COVID-19 Wider Impacts – Induction of Labour Edit
Care for women around the time they are giving birth is an essential, time critical service that cannot be deferred. As such, it has been provided throughout the COVID-19 pandemic, and maternity staff have not been redeployed to support other services. The way that some elements of this care are provided has changed in response to COVID-19 however, to minimise the risk of infection and to allow services to continue to provide safe care during times when a high number of staff may be off work, for example due to needing to isolate.
Guidance issued by the Scottish Government and Royal College of Obstetricians and Gynaecologists to maternity services at the height of the first wave of the pandemic noted that:
• It may be necessary for services to temporarily suspend the option for women to deliver at home or in midwife led units, and to concentrate delivery care within obstetric units
• Additional restrictions on the use of water births were recommended
• Care pathways for women requiring induction of labour should be amended to ensure the early stages of the induction process were delivered on an outpatient basis wherever possible
• Services should consider deferring a planned induction of labour or elective caesarean section if a woman was isolating due to having COVID-19, or having been in contact with a case, if it was safe to do so
• Services should support low risk women in the early latent phase of labour to remain at home wherever possible
• In general, strict restrictions on visitors for patients in hospital were advised, however women giving birth could still be accompanied by their chosen birth partner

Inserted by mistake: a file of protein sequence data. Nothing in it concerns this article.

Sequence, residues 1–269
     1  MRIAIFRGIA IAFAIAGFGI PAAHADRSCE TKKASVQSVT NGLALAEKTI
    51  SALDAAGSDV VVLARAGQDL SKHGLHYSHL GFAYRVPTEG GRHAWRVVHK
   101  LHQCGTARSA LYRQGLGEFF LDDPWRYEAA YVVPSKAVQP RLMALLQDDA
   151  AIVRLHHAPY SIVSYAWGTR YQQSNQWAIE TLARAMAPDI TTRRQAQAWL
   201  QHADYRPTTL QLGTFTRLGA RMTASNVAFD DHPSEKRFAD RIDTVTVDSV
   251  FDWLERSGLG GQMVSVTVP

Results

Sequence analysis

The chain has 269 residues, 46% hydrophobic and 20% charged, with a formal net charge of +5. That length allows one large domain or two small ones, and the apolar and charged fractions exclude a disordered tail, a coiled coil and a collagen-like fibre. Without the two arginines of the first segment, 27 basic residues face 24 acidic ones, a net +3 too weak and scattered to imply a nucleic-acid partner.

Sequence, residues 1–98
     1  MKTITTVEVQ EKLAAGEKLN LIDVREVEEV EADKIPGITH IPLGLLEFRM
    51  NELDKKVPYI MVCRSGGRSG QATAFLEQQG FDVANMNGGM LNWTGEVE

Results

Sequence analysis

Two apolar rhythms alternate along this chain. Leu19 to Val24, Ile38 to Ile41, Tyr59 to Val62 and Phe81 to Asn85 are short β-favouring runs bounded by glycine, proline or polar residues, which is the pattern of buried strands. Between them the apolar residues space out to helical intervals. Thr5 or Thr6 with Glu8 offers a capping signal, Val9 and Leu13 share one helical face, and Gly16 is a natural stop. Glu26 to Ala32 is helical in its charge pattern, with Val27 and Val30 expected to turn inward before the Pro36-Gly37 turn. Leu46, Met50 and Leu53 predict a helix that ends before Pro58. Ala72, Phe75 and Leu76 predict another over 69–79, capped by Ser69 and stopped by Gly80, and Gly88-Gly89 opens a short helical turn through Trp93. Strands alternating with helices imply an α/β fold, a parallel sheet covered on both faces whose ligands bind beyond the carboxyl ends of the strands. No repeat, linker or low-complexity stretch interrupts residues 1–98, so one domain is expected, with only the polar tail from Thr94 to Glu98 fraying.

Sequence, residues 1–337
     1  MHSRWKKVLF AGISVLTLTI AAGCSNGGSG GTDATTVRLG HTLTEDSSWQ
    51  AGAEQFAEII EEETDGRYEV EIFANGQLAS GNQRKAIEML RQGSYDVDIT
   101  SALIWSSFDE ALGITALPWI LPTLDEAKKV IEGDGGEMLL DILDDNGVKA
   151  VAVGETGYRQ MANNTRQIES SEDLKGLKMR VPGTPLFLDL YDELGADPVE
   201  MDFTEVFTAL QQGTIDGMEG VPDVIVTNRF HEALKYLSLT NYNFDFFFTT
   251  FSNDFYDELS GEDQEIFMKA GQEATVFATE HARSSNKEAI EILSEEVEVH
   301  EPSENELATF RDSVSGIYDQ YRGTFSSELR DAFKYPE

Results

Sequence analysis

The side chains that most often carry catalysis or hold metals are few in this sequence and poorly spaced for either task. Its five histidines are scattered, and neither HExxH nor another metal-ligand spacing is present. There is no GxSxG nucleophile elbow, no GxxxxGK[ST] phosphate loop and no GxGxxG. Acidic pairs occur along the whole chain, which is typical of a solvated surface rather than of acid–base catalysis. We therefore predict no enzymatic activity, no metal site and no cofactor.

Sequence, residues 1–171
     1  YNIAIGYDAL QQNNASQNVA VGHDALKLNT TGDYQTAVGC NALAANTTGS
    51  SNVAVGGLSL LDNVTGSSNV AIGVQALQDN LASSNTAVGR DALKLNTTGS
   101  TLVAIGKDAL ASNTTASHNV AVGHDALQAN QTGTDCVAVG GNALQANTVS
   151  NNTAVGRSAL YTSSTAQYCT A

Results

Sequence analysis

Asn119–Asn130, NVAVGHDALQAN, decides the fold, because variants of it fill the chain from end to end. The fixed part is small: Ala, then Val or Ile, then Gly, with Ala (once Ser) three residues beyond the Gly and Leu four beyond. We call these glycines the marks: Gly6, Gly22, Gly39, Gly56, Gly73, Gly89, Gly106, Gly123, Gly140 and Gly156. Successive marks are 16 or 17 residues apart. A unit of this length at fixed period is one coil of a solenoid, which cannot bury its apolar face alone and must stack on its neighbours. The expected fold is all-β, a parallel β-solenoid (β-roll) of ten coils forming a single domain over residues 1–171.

'Induction of labour' is when a woman is given a medical intervention to start her labour rather than waiting for labour to start spontaneously. It is offered because there are medical reasons meaning it is considered safer (for the mother or baby) for the baby to be born, or because a woman is past her ‘due date’. There are different approaches to inducing labour, for example using medicines, a medical ‘balloon’ device that sits at the neck of the womb, and/or breaking the woman’s waters.
This dataset shows information on induction of labour, presented at Scotland and NHS Board level. Scotland level data is also available by age group and deprivation category. The information on induction of labour presented in this dataset is taken from hospital discharge records, specifically records relating to the care of women delivering a singleton live birth (i.e. one baby, not twins or more) at 37-42 weeks gestation (i.e. up to 3 weeks before or after their due date).
This data is also available on the COVID-19 Wider Impact Dashboard. Additional data sources relating to this topic area are provided in the Links section of the Metadata below. Further information based on SMR02 data is also available from the annual Births in Scottish Hospitals report. Information on COVID-19, including stay at home advice for people who are self-isolating and their households, can be found on NHS Inform.
|License||UK Open Government Licence|
|Category||Health and Social Care|
|Maintainer||Public Health Scotland|
|Original dataset link||https://www.opendata.nhs.scot/dataset/covid-19-wider-impacts-induction-of-labour|